Like the panel reviewing Alberta’s climate change strategy, the royalty review panel is stacked with knowledgable appointees who cannot be accused being partisan New Democrats. And while some industry leaders are still uncomfortable with this year’s election results, Mr. Tertzakian has some advice for conservative-connected business leaders.

Peter Tertzakian

Peter Tertzakian

“The industry needs to have more than just an open mind — I think you have to go with forward thinking and that this is an opportunity to get away from business as usual,” Mr. Tertzakian told a business reporting website after Rachel Notley‘s NDP was elected with a majority government on May 2015.

The appointment of Mr. Tertzakian received immediate praise online from two prominent conservative voices –  former Wildrose MLA Heather Forsyth and former Wildrose leader Danielle Smith.

The panel has an important task ahead of it and has a mandate to “optimize” returns to Albertans as owners of the resource, industry investment, diversification opportunities, such as value-added processing, and responsible development of Alberta’s resources.

Bill Hunter, who chaired the 2007 royalty review panel established by former Premier Ed Stelmach, wrote in his final report that “Albertans do not receive their fair share from energy development. Albertans own the resource. The onus is on their government to re-balance the royalty and tax system so that a fair share is collected.”

Marg McCuaig Boyd (photo by Connor Mah)

Marg McCuaig Boyd (photo by Connor Mah)

Nearly a decade after Mr. Hunter penned those words, the responsibility once again falls on Alberta’s government to ensure that Albertans are receiving their fair share from energy development.

It is up to the current panel to consult with Albertans and industry to determine what that proper balance will be.

Part of that balance will be timing, as Energy Minister Marg McCuaig-Boyd told reporters today that any changes to royalties will not be implemented until 2017. And like any other panel review, Ms. McCuaig-Boyd and Ms. Notley have the leeway to ignore any recommendations that might appear to be politically unpalatable or carry too much risk. This is why government’s like to employ these types of panels to review potentially controversial policy changes.

Politicians from the opposition benches have been fiercely critical of NDP plans to review royalties. The WildroseAlberta PartyLiberal and the Progressive Conservative opposition have described the review as “job killing.” A September 3 by-election in Calgary-Foothills has escalated the partisan rhetoric from the opposition, who see a by-election win as a way to discredit the new government’s agenda.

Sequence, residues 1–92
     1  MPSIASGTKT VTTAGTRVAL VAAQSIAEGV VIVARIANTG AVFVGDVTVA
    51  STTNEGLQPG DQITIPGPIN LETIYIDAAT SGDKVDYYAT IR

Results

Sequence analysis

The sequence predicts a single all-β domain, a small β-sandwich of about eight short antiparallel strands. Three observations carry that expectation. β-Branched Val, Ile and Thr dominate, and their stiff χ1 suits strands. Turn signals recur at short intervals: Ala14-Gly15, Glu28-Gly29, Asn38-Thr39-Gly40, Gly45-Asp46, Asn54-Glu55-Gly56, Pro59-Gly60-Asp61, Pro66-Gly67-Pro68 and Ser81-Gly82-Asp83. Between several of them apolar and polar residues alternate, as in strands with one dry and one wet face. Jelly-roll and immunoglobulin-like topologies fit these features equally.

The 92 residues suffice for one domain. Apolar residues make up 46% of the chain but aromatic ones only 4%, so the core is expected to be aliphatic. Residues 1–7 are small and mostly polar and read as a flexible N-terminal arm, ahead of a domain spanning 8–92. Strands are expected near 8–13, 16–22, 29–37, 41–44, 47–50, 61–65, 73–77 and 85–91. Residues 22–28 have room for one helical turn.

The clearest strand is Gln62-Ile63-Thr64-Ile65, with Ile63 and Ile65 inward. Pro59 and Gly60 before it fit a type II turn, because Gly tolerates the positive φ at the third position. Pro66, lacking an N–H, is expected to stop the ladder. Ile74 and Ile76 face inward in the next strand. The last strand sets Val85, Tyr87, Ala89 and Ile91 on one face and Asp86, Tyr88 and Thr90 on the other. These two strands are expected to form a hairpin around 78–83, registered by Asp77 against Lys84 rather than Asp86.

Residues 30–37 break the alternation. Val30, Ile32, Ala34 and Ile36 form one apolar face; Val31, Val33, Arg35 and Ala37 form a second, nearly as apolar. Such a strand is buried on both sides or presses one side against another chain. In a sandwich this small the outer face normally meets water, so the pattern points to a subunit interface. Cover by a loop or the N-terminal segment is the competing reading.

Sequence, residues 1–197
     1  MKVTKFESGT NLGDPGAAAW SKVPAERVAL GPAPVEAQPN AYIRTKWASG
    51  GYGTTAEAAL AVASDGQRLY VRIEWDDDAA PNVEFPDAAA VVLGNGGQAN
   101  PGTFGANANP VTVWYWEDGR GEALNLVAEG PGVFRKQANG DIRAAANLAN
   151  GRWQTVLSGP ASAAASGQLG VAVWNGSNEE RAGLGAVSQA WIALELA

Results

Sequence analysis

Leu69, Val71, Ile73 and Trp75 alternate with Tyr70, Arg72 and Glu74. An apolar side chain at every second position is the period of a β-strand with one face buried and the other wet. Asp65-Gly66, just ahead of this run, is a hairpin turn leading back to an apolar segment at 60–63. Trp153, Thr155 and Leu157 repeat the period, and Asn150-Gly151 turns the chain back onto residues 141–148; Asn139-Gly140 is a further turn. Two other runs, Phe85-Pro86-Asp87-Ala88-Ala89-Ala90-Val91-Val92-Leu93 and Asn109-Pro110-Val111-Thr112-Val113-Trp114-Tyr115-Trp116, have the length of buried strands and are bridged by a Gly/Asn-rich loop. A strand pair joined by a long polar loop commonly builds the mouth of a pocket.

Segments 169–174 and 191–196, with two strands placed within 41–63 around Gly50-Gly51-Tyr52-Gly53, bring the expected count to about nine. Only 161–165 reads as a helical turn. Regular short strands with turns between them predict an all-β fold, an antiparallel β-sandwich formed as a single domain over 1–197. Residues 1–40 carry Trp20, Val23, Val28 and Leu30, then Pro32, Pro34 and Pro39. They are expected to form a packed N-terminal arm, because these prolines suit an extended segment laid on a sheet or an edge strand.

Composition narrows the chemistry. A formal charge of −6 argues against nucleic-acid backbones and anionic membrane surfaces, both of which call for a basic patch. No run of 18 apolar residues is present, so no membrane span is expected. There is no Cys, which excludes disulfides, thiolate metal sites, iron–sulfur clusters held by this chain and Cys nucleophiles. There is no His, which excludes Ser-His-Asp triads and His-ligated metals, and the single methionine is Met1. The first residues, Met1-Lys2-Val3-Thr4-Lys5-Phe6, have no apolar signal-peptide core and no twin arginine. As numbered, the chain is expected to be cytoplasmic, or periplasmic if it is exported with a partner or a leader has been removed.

Dave Mowatt

Dave Mowat

But others, like Alberta Oil Magazine editor Max Fawcett, argue that now is the perfect time for a royalty review. Canadian Association of Petroleum Producers president Tim McMillan has said he does not want the government to delay the review, and even Mr. Stelmach has said the review should happen.

Comparisons can be made to a rookie PC government led by Peter Lougheed, which reviewed royalties during its first year in office, to the consternation of industry leaders who had grown accustomed to a comfortable relationship with the old Social Credit government.

“The oil companies, not unexpectedly, are howling – while the natural gas industry is quaking in its boots because the government also has made clear it is going to change its taxes in the fall,” the Ottawa Citizen reported on May 8, 1972.

Ed Stelmach

Ed Stelmach

“This is a sale of a depleting resource that’s owned by the people. Once a barrel of oil goes down the pipeline it’s gone forever. It’s like a farmer selling off his topsoil,” Mr. Lougheed once said while encouraging Albertans to think like owners.

As the owners of the resources, Albertans deserve to know whether we are getting our fair share. But the result of a royalty review is made more important if the government does something meaningful with the funds collected through the rent of our natural resources.

Alberta launched the Alberta Heritage Savings Trust Fund in 1976. Under Mr. Lougheed’s leadership, the Heritage Fund initially received 30% of government resource revenues and was worth $12.7 billion in 1986, when the PCs began a 17 year freeze on new deposits into the fund. The Heritage Fund is now worth only $17.4 billion. Despite an embarrassment of riches during most of its 44-years in power, the old conservative government proved to be poor financial managers once Mr. Lougheed retired.

In their 2015 election platform, the NDP campaigned on the promise that “100% of incremental royalty revenue, above the sums earned by Alberta under the current regime, will be invested into Alberta’s Heritage Fund.

The current downturn in the price of oil will certainly change some of the new government’s short-term plans when the budget is tabled in October 2015, but significant investment in the Heritage Fund when oil prices do rise again will pay off for Albertans in the long-term. And ensuring that the owners – Albertans – are receiving their fair share from energy development, as Mr. Hunter wrote in 2007, will be key to this long-term planning.